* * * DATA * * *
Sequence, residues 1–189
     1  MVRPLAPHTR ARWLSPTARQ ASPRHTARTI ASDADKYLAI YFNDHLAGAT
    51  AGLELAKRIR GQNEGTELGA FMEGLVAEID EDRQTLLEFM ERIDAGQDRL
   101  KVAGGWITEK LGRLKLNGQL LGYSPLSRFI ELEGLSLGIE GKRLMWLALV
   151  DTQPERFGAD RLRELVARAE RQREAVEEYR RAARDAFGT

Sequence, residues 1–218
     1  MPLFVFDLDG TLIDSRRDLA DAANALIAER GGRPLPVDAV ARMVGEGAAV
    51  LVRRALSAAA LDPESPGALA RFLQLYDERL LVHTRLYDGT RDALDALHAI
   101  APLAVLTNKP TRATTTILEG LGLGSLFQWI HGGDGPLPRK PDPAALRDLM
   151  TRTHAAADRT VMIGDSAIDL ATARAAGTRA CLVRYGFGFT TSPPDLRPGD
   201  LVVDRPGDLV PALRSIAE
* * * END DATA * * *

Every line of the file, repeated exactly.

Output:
Sequence, residues 1–189
     1  MVRPLAPHTR ARWLSPTARQ ASPRHTARTI ASDADKYLAI YFNDHLAGAT
    51  AGLELAKRIR GQNEGTELGA FMEGLVAEID EDRQTLLEFM ERIDAGQDRL
   101  KVAGGWITEK LGRLKLNGQL LGYSPLSRFI ELEGLSLGIE GKRLMWLALV
   151  DTQPERFGAD RLRELVARAE RQREAVEEYR RAARDAFGT

Sequence, residues 1–218
     1  MPLFVFDLDG TLIDSRRDLA DAANALIAER GGRPLPVDAV ARMVGEGAAV
    51  LVRRALSAAA LDPESPGALA RFLQLYDERL LVHTRLYDGT RDALDALHAI
   101  APLAVLTNKP TRATTTILEG LGLGSLFQWI HGGDGPLPRK PDPAALRDLM
   151  TRTHAAADRT VMIGDSAIDL ATARAAGTRA CLVRYGFGFT TSPPDLRPGD
   201  LVVDRPGDLV PALRSIAE